(Berlin) – A court in Baku on August 13, 2015, convicted the human rights activists Leyla and Arif Yunus who had faced politically motivated prosecution for economic crimes, Human Rights Watch said today. Leyla Yunus was sentenced to eight-and-a-half years in prison and her husband, Arif Yunus, to seven years, following a purely politically motivated prosecution and a trial that fell far short of international standards. The Azerbaijani authorities should immediately move to set aside the convictions, drop all outstanding charges, and release the elderly, ailing couple, Human Rights Watch said today.

Arif Yunus. Authorities arrested Leyla Yunus in July 2014 and her husband, Arif Yunus, a well-known historian, in August 2014 on charges of treason, tax evasion, and illegal entrepreneurship. 

© 2014 Radio Azadliq / RFE/RL

Human rights activist, Leyla Yunus, at the French embassy in Baku on May 22, 2013, when she was awarded the Knight of the Legion of Honor of France.

© 2013 Aziz Karimov

“The fact that the verdicts against Leyla and Arif Yunus were totally predictable does not make them any less a travesty,” said Rachel Denber, deputy Europe and Central Asia director at Human Rights Watch. “The Yunuses never should have been arrested, let alone imprisoned and prosecuted. The Azerbaijani authorities should now do the right thing, have the convictions and sentences set aside, and turn a page on the appalling crackdown against human rights defenders, of which the Yunuses are victims.”

The couple has also been charged with treason, for which the authorities have said they will be tried later.

Leyla Yunus, one of Azerbaijan’s leading human rights activists, is head of the Institute for Peace and Democracy, and her husband, Arif, is a historian who was an expert adviser for the group.

One of the Yunuses’ lawyers told Human Rights Watch that in his final statement, Arif Yunus, 60, said that he has been medicated throughout the trial with strong injections and could barely understand anything, but that the court paid no heed. He said the trial had been “rushed and strenuous, more than a man as sick as he could bear.” When he finished speaking, he cried out, grabbed the back of his head, where he has an undiagnosed lump, and stumbled.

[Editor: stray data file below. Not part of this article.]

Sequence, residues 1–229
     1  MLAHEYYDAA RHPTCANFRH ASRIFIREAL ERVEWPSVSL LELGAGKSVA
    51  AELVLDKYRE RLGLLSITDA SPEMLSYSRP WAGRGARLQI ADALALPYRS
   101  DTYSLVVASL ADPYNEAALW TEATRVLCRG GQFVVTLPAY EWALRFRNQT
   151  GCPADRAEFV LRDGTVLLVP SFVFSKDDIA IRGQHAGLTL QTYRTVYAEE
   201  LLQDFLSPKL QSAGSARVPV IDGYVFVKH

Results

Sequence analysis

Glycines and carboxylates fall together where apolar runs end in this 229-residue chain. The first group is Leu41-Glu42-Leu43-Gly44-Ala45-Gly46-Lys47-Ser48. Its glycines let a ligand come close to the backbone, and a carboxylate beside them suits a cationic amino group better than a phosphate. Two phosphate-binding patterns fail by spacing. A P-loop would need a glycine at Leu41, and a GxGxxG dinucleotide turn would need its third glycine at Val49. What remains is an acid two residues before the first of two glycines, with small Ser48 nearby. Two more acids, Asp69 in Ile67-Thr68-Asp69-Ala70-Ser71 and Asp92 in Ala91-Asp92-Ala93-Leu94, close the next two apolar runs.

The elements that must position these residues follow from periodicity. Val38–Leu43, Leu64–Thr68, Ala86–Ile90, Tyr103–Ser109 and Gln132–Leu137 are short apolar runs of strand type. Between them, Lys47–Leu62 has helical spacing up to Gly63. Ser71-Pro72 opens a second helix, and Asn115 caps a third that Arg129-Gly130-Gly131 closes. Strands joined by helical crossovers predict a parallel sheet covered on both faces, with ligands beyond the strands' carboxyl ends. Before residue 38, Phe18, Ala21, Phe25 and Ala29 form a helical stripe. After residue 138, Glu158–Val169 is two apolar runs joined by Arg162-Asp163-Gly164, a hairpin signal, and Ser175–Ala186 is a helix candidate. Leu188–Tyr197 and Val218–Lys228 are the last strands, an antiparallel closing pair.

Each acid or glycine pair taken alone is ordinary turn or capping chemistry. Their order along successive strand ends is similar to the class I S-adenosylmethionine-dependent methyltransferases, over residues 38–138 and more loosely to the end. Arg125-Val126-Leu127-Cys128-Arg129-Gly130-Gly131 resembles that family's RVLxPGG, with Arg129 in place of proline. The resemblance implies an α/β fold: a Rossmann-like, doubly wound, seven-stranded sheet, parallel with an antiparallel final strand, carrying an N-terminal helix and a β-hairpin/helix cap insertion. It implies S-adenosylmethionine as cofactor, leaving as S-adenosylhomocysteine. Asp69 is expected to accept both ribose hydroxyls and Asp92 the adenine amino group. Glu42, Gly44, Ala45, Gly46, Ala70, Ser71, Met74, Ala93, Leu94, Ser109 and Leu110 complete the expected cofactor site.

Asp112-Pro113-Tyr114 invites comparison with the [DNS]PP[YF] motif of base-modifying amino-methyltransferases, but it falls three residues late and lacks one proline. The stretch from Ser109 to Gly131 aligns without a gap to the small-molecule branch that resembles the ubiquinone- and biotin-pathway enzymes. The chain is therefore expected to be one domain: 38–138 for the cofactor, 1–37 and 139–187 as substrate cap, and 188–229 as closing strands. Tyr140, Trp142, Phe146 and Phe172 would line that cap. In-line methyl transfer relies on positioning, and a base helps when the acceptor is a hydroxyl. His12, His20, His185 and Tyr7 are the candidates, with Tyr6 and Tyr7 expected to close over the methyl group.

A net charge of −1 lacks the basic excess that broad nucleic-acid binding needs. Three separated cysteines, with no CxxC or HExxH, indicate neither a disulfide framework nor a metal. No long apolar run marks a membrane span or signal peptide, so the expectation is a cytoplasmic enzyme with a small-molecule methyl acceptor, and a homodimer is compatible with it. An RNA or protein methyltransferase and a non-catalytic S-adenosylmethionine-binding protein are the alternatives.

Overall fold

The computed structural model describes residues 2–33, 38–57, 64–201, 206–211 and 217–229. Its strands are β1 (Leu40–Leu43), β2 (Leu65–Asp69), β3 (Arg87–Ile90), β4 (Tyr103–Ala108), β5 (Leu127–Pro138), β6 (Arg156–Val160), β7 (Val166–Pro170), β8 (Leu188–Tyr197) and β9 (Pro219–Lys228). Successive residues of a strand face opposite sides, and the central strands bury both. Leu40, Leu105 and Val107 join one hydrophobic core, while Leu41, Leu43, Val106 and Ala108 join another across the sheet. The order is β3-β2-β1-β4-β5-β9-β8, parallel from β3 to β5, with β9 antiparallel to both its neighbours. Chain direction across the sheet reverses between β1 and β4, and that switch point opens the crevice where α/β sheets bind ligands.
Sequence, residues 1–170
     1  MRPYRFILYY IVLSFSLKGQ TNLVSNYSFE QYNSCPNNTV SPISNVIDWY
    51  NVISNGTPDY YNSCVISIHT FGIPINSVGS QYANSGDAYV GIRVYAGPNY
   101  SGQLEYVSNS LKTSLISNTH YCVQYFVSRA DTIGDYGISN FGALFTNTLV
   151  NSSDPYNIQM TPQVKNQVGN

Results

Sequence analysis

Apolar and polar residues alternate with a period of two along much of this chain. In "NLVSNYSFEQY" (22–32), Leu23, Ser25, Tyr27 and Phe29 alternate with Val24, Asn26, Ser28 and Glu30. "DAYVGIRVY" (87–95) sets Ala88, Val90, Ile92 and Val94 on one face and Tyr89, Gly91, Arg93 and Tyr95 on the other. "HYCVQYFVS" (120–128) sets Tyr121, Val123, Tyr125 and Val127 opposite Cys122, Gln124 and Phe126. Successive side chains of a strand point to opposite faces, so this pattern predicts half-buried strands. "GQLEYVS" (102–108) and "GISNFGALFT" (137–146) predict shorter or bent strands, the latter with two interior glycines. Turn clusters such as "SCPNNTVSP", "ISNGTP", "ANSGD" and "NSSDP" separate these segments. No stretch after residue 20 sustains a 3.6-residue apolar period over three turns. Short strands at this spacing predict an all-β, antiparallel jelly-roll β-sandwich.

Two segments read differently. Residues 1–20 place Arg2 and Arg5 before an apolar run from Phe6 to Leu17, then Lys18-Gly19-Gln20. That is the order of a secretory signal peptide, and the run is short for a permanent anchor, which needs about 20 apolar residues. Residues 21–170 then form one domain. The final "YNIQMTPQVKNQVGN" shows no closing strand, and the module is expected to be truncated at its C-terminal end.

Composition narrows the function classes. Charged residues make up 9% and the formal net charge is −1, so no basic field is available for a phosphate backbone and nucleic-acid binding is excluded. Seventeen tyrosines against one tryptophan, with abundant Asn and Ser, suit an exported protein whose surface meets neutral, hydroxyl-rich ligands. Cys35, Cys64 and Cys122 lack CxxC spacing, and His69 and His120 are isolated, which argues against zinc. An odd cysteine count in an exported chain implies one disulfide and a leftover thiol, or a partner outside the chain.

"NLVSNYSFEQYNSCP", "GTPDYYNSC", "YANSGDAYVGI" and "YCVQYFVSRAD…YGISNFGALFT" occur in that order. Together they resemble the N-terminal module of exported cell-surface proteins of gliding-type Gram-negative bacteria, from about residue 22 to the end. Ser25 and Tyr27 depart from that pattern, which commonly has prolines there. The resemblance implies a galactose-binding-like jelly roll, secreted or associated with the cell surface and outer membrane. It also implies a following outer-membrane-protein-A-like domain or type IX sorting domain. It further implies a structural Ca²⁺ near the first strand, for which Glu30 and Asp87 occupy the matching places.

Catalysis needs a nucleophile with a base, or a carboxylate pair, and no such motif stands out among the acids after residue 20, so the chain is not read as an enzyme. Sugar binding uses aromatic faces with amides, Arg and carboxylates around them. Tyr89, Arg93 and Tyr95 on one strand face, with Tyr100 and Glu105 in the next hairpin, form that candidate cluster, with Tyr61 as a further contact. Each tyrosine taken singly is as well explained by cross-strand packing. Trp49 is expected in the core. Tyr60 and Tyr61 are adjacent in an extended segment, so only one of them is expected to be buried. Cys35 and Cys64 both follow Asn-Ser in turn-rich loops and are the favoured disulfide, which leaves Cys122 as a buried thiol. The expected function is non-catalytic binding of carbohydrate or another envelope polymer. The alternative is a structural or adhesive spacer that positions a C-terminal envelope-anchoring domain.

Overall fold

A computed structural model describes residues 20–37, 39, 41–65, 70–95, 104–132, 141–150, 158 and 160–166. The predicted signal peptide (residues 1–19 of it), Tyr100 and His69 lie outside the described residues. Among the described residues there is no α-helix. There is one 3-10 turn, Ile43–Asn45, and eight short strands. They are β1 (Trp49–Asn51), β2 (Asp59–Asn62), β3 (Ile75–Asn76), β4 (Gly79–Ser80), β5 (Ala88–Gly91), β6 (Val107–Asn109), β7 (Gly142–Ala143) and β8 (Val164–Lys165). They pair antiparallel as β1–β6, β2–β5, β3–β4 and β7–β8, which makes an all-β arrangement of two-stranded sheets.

In her final statement, Leyla Yunus, 59, compared the proceedings with those during the Soviet era. She said that the government was punishing her and her husband for their human rights work, and that they were both prepared for the worst.

During the one-and-a-half hours of the reading of the verdict, a Human Rights Watch representative was in the courtroom, and observed with shock the extremely frail and ill appearance of the two human rights defenders. Arif Yunus was unable to sit up, but had to lie on a bench provided in the glass cage where defendants sit, with his head on his wife’s lap. In the stifling courtroom, Leyla Yunus was fanning her husband the whole time and looked close to fainting herself.

Leyla Yunus was found guilty of swindling, tax evasion, forgery, and illegal business activity for running two unregistered human rights groups through a registered organization from 2006 through 2014. Yunus and her colleagues had tried unsuccessfully to register the two groups, but conditions for and regulation of civil society and independent voices in Azerbaijan are such that the authorities can arbitrarily interfere with which organizations are able to operate and not, and make it very difficult for human rights groups to function. One of the Yunuses’ lawyers, Elchin Gambarov, told Human Rights Watch that during the investigation Yunus told officials she was prepared to pay any tax that was owed.